After 17 years of food, fun, and fundraising, the annual Taste of Weehawken food festival may move to a new location next year. At the May 2 event, Mayor Richard Turner announced to the crowd that Hartz Mountain, the owner of the Lincoln Harbor food court where the event is held each year, will transform it into another restaurant.
Turner thanked Hartz Mountain for their generous donation of the space over the years, and presented a plaque to the company’s President Gus Milano, General Counsel Phil Patton, and Director of Development James Rhatican.
The question on everyone’s lips was: Where will the much beloved event move next year?
“Well, now Hartz is thinking that maybe their construction will be delayed so we could be here next year,” said Turner, later in the event. “They just told me that tonight. They couldn’t tell me before I opened my big mouth.”
Hartz Mountain will be expanding the nearby garage, which may delay the restaurant construction. Either way, Taste of Weehawken will carry on.
Another possible location is the new hotel being built adjacent to the ferry terminal. “They’re going to have a ballroom, catering hall upstairs,” said Turner. “Or we could put a tent on the waterfront someplace. So we have different options.”
“We’ll follow it wherever it goes,” said local resident Sherry Cassin, attending with a friend. “We’re committed Weehawkenites.”
Record number of attendees raise $18K for library
Established 17 years ago as a fundraiser for the library, Taste of Weehawken this year saw a record 433 paid admissions, bringing in $18,000. The money goes toward programs above and beyond those funded by the normal budget, like visits from the Center for Aquatic Science, Mad Science workshops and STEAM-related Tinker Labs, guest lecturers, resume writing programs, new computers for the adult department, new iPads for the children’s department, and new furniture to develop an outdoor reading area.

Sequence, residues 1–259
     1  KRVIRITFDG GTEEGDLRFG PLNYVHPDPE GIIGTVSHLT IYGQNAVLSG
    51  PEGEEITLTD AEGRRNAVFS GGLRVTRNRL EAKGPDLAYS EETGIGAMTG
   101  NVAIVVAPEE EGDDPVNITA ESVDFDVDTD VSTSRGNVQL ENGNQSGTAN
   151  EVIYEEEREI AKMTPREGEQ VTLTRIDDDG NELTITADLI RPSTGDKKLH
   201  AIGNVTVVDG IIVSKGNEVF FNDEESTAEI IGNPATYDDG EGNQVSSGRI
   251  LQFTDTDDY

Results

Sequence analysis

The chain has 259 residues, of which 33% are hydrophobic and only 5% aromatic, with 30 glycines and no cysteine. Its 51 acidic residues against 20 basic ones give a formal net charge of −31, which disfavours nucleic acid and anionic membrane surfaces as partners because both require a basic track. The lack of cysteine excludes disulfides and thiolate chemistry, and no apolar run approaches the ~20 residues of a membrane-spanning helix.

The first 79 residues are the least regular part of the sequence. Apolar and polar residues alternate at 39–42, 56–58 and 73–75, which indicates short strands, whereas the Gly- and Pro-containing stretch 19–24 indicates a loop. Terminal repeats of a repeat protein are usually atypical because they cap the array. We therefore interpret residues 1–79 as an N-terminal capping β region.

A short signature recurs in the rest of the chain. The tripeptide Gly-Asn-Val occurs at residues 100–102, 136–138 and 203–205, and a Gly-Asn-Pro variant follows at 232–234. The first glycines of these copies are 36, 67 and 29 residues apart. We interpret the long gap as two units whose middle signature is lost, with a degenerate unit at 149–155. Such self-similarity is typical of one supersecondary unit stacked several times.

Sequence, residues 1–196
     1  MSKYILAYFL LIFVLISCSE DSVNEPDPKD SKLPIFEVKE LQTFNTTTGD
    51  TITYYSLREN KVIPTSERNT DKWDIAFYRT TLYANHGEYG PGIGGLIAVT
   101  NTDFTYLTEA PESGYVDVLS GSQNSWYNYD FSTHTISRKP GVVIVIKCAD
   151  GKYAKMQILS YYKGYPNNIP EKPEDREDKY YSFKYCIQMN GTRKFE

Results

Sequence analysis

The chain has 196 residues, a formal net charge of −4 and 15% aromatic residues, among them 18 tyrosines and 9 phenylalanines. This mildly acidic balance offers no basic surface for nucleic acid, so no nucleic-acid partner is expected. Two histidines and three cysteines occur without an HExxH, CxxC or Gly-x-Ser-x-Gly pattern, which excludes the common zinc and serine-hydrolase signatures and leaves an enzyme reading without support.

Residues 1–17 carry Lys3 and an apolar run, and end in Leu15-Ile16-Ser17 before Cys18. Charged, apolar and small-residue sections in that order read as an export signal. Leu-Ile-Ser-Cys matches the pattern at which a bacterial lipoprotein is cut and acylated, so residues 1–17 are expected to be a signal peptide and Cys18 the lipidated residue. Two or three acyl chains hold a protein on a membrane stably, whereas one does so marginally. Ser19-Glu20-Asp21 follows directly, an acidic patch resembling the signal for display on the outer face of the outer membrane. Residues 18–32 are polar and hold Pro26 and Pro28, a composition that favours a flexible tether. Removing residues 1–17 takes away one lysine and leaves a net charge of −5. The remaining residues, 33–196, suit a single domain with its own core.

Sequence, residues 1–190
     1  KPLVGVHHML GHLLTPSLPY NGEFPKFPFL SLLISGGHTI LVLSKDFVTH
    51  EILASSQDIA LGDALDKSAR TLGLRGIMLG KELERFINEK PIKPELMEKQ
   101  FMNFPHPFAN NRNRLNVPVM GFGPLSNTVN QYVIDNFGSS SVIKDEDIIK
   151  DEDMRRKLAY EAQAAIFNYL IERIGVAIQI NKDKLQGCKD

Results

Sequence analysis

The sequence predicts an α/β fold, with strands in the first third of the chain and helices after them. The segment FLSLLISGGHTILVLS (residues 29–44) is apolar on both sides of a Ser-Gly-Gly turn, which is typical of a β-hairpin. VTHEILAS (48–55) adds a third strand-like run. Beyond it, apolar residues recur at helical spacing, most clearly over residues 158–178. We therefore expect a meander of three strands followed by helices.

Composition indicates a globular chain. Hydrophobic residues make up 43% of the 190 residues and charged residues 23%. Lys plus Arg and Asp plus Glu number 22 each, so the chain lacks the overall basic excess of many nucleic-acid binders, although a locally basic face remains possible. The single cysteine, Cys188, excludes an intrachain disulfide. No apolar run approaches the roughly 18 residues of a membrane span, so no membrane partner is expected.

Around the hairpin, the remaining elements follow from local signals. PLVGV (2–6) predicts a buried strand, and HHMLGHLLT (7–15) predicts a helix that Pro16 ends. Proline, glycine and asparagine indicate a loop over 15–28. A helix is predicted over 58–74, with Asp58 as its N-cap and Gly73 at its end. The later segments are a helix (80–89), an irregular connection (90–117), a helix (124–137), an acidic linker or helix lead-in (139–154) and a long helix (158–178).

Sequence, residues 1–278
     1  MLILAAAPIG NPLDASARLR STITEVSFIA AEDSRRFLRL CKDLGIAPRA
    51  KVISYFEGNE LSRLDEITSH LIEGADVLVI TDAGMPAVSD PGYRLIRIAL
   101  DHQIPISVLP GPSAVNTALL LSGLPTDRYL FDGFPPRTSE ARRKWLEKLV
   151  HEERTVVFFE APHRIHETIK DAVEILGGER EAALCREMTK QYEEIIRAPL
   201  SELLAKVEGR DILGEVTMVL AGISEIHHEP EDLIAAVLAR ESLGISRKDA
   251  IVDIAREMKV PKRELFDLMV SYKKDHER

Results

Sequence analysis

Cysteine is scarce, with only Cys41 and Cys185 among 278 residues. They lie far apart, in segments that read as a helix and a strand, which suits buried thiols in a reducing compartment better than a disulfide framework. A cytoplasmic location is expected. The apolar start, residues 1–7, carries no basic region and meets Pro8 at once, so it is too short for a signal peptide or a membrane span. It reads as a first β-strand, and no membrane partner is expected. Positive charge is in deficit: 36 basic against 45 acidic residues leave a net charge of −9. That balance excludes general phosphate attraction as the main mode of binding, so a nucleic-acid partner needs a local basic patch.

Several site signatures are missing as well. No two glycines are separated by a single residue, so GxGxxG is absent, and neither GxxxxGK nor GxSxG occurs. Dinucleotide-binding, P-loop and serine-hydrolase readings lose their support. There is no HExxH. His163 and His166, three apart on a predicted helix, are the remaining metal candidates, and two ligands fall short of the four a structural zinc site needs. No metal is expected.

The 30 restaurants, caterers, and bakeries that participated in this year’s event all donated their time and served some of their finest dishes to show their support for the library. Waterside Restaurant on River Road in North Bergen offered a delicious penne pasta with chicken. The restaurant, where Turner’s son works as a DJ on weekends, is owned by three siblings whose dad ran a Greek diner in Jersey. “They grew up in the business and they’ve been in it for many years,” explained Event Planner Rhonda Muziani.
They are also strong contributors to charity, especially the Leonidas Foundation, which they established after the son of one owner died in a car accident last July.
From a little farther north along River Road came the brand new Acappella Restaurant in Edgewater. The Jersey location, opened about four months ago, features the same Northern Italian menu as the original Tribeca landmark opened in 1994, “but at Jersey prices.”